Skip to content

Former Librarian Launches Book Series

Author Sue Fuller Rogers captivated her audience of fourth and fifth grade after-school art students at Imagination Station during her recent talk on Native American Culture.

By Jack Gurner
Reporter

WATER VALLEY – A life-long love of books and the joy of sharing with children prompted retired elementary school librarian Sue Fuller Rogers to write a series of 20 books about Native American culture.

Rogers said there were all kinds of reference books available about Native Americans, but few on the lower reading levels for children. So, she wrote her books for students in the third and fourth grades.

The Story Keeper Series explores the everyday life of the Choctaw, Chickasaw, Navajo, Cherokee, Lakota Sioux, Chippewa and many others. “Everything that’s in them are facts about that particular tribe,” Rogers said. When I started doing the research on them I found that they were lining up in order and I was going to have to write about each tribe.”

Her interest in books and writing first developed when she was a little girl. “My sister and I would sit on the arms of my daddy’s rocking chair and he would read to us. And, I just fell in love with words…how they sound…how they roll off your tongue.”

Rogers, who was a librarian for 25 years in Arkansas inner-city schools, moved back home to Oxford in 1993 where she spent another eight years as librarian at Lafayette Elementary before retiring.

She often jokes that she was born in Denmark and educated in Oxford. Denmark is a small community east of Oxford in Lafayette County.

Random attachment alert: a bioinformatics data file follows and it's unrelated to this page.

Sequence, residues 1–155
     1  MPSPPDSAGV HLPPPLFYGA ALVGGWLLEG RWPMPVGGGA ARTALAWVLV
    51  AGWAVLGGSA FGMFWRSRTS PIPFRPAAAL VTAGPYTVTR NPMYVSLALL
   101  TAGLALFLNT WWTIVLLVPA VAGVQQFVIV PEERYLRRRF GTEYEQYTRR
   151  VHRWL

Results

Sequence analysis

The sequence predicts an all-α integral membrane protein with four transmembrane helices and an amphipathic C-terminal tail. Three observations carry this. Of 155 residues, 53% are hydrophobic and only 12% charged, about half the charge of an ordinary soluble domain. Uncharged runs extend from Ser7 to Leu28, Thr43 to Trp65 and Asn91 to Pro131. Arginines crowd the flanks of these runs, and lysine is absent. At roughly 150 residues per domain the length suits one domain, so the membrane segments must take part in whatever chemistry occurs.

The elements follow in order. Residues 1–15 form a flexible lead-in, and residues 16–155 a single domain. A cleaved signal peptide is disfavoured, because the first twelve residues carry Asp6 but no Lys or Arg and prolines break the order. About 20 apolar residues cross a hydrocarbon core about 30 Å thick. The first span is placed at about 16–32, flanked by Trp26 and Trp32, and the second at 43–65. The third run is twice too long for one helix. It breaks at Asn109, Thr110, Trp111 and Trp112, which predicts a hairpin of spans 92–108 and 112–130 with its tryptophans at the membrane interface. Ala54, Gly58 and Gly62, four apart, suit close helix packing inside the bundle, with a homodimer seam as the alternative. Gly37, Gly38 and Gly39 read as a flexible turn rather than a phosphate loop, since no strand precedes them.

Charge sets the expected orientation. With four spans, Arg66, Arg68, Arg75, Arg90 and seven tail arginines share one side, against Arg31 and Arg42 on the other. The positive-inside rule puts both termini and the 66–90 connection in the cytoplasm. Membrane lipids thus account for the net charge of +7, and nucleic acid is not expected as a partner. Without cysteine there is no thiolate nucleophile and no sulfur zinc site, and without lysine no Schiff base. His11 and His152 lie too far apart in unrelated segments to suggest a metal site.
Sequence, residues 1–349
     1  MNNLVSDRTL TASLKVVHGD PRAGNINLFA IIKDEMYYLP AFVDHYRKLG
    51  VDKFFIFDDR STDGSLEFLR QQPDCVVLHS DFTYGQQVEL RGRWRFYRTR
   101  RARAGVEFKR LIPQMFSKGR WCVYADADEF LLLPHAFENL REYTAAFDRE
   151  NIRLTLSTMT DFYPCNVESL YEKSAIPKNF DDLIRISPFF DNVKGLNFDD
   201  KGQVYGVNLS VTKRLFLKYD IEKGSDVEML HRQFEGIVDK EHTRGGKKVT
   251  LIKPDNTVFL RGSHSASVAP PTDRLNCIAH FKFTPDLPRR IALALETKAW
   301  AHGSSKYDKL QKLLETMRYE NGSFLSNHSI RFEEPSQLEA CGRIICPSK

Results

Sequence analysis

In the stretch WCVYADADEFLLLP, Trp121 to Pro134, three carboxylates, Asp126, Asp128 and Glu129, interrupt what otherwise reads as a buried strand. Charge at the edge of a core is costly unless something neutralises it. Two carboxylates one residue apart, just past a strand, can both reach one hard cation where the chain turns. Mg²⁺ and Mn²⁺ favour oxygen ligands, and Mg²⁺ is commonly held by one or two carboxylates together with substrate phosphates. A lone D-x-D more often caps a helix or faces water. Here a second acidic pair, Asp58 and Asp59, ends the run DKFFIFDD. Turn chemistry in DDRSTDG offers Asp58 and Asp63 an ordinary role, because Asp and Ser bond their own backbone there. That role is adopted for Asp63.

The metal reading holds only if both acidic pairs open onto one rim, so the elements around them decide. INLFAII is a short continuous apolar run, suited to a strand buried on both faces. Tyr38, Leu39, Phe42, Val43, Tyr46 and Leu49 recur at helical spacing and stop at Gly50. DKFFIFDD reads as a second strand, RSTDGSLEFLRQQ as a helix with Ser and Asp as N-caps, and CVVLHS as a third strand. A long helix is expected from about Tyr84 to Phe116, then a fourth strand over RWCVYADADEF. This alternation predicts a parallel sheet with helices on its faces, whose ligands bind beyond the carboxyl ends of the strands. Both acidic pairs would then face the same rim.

Working With Children

Along with writing, Rogers likes to talk with children in person about Native Americans and their way of life. “We make visits with children all over everywhere,” she said. “We’ve been to Indiana, Arkansas, Kentucky, Mississippi, Tennessee, all around.”

Rogers smiled when she described a comment made by a second grade student during one of her visits. “Their teacher asked, ‘Have any of y’all ever seen a real author?’ and this little boy said, ‘I have. Johnny wrote a story yesterday and I know him.'”

She recently spoke to the after-school art students at Imagination Station on Main Street. The wide-eyed group listened intently as Rogers described the roll of children growing up in a tribe.

“The boys had two main things they were responsible for. They had to be a good hunter to find food and they had to be a brave warrior to protect the tribe. The girls gave birth to the babies so they were called the givers of life and they were in charge of the food, which made them very powerful people.”

For her talk she wore a dress with Choctaw designs. “It’s not the same that a Cherokee would have or an Apache would have. I had to learn all that,” Rogers said.

As she spoke, Rogers showed the youngsters items from her collection and explained their significance. At one point she demonstrated how rice was harvested by beating two sticks together, a process called “knocking the rice.” She also displayed a totem pole that depicts the history of a tribe. “It’s fun writing, but it sure is fun sharing with children,” she commented.

Authenticity Important

To make sure that the books were authentic, Rogers did a lot of research as did the illustrator, Jane Lenoir. All of the pictures in the book show the houses, clothes, and even the animals they hunted as they were at the time, according to Rogers.

“She knew as much about it as I did,” Rogers said about Lenoir. “That’s how she made her pictures. I wanted the facts to be straight. It was very important for her to do the same research.”

Rogers doesn’t charge for her school visits, but does ask that the sponsor purchase a set of the books for their library. The hardbacks are $16 each and the softbound are $7.

She has already started work on the second series of books and is looking for a new publisher. For more information about how to obtain the books or to help sponsor a set for a library, contact Rogers at her email address rogersbooks@msn.com or (662) 473-3853.   

She and her husband of 50 years, Leonard, currently live just south of Water Valley near her daughter and son-in law, Susan and Joe Newman.

Leave a Comment